+1)
if(export==1){
mean(p[,1]>p[,2] &amp; p[,1]>=.4) ## de Blasio need to beat Thompson AND get >= .40
} else {
return(p)
}
}

( cand1.win.probs = sapply(1:nrow(raw),prob.win) )
sim.dir = prob.win(1,export=2) ## set simulated data for plotting and determining parameters
## The shape parameters (shape1 and shape2) might need some manual adjusting
fit.distr.1 = fitdistr(sim.dir[,1], "beta",
start=list(shape1=5,shape2=5))
fit.distr.2 = fitdistr(sim.dir[,2], "beta",
start=list(shape1=4,shape2=7))
fit.distr.3 = fitdistr(sim.dir[,3], "beta",
start=list(shape1=2,shape2=9))

## Could also draw a histogram of simulated data
curve(dbeta(x,fit.distr.1$estimate[1],fit.distr.1$estimate[2]),
ylim=c(0,4), col=1, lty=1, lwd=2, ylab="Density", xlab="theta",
main="Distribution of the Democratic NYC Mayor Election 2013",
sub=paste("Probability that de Blasio beats Thompson AND gets > 40% of Vote: ", round(cand1.win.probs[1],2) ) ) ## Candidate 1
curve(dbeta(x,fit.distr.2$estimate[1],fit.distr.2$estimate[2]), add=T, col=3, lty=2, lwd=2) ## Candidate 2
curve(dbeta(x,fit.distr.3$estimate[1],fit.distr.3$estimate[2]), add=T, col=4, lty=3, lwd=2) ## Candidate 3
abline(v=c(median(sim.dir[,1]), median(sim.dir[,2]), median(sim.dir[,3])), col=c(1,3,4), lwd=2, lty=c(1,2,3))
legend("topright",c("de Blasio","Thompson","Quinn"), lwd=2, col=c(1,3,4), lty=c(1,2,3))



## The Beta Prior, Likelihood, and Posterior

The Beta distribution (and more generally the Dirichlet) are probably my favorite distributions.  However, sometimes only limited information is available when trying set up the distribution.  For example maybe you only know the lowest likely value, the highest likely value and the median, as a measure of center.  That information is sufficient to construct a basic form of the distribution.  The idea of this post is not to elaborate in detail on Bayesian priors and posteriors but to give a real working example of using a prior with limited knowledge about the distribution, adding some collected data and arriving at a posterior distribution along with a measure of its uncertainty.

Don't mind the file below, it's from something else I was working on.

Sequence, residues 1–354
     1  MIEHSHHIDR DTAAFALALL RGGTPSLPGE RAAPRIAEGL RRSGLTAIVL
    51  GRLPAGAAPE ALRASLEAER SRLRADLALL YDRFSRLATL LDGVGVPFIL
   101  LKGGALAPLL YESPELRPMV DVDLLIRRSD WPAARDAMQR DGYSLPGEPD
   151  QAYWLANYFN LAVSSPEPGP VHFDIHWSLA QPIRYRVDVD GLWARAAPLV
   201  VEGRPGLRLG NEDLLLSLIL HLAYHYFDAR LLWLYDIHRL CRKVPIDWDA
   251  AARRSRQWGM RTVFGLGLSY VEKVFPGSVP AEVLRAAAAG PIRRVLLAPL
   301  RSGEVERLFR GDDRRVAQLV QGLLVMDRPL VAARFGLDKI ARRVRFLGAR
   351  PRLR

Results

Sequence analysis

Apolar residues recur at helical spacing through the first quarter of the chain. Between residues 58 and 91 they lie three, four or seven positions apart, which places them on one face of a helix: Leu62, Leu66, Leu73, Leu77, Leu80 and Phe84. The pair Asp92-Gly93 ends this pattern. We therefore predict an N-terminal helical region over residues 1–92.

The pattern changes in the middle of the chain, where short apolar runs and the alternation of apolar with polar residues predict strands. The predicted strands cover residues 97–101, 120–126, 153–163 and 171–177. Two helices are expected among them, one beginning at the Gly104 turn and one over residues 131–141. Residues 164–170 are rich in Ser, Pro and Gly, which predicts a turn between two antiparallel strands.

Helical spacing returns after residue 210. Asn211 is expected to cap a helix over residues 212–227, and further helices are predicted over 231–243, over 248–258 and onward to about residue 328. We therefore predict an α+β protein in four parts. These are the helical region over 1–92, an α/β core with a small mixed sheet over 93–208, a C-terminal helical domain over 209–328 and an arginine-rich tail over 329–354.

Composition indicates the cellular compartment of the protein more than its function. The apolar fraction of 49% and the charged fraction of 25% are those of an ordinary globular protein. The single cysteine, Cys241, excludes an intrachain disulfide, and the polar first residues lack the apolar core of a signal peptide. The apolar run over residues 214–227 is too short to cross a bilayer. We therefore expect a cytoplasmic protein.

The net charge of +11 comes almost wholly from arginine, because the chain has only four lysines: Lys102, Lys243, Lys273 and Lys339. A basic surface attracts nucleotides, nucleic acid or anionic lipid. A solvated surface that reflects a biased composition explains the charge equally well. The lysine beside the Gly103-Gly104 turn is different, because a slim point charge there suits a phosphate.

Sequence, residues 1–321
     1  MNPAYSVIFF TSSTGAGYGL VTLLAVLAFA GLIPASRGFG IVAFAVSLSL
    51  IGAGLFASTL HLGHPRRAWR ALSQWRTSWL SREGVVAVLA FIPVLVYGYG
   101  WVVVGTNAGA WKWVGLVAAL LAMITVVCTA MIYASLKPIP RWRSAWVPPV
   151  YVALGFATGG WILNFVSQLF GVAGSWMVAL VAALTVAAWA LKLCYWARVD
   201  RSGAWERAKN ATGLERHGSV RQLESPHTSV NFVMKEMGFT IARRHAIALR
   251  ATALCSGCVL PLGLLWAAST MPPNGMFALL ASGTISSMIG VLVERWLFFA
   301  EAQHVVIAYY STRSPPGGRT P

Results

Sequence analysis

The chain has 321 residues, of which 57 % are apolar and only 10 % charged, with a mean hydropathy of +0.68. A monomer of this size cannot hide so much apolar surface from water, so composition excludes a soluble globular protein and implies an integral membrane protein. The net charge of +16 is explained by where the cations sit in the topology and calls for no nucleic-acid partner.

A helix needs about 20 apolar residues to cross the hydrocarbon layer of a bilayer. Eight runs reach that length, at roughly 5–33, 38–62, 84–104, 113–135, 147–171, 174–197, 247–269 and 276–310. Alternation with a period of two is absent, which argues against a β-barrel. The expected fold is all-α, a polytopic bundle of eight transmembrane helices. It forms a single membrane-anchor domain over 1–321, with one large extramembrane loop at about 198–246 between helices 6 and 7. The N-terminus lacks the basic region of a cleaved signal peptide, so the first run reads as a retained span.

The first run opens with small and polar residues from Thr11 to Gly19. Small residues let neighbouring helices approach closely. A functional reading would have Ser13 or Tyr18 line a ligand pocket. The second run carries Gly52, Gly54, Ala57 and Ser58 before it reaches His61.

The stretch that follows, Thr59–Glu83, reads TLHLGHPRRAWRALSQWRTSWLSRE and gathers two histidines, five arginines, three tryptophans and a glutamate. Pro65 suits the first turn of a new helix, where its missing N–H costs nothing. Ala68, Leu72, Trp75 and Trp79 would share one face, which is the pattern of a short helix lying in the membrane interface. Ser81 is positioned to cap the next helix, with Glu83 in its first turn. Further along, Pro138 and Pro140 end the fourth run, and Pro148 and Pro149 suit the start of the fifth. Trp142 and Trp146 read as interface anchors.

The example below is a simple demonstration on how a prior distribution and current data can be combined and form a posterior distribution.  Earlier this year I gave a presentation at a conference where I modified this simple version of my code to be substantially more complex and I used the Dirichlet distribution to make national predictions based on statewide and local samples.   So this approach has some very useful applied statistical properties and can be modified to handle some very complex distributions.

A Note on Posterior Intervals

The posterior interval (also called a credible interval or credible region) provides a very intuitive way to describe the measure of uncertainty.  Unlike a confidence interval (discussed in one of my previous posts), a credible interval does in fact provide the probability that a value exists within the interval.  With this interval it is based on calculating the probability of different values given the data.  The graph above shows the different values (identified as theta) as well as the simulated posterior interval limits (alpha=.05 in black and .01 in light gray).  In other words the probability that theta is a member of the 95% credible interval is 0.95 (written as $P\left( \theta \in CI \right)$ = 0.95).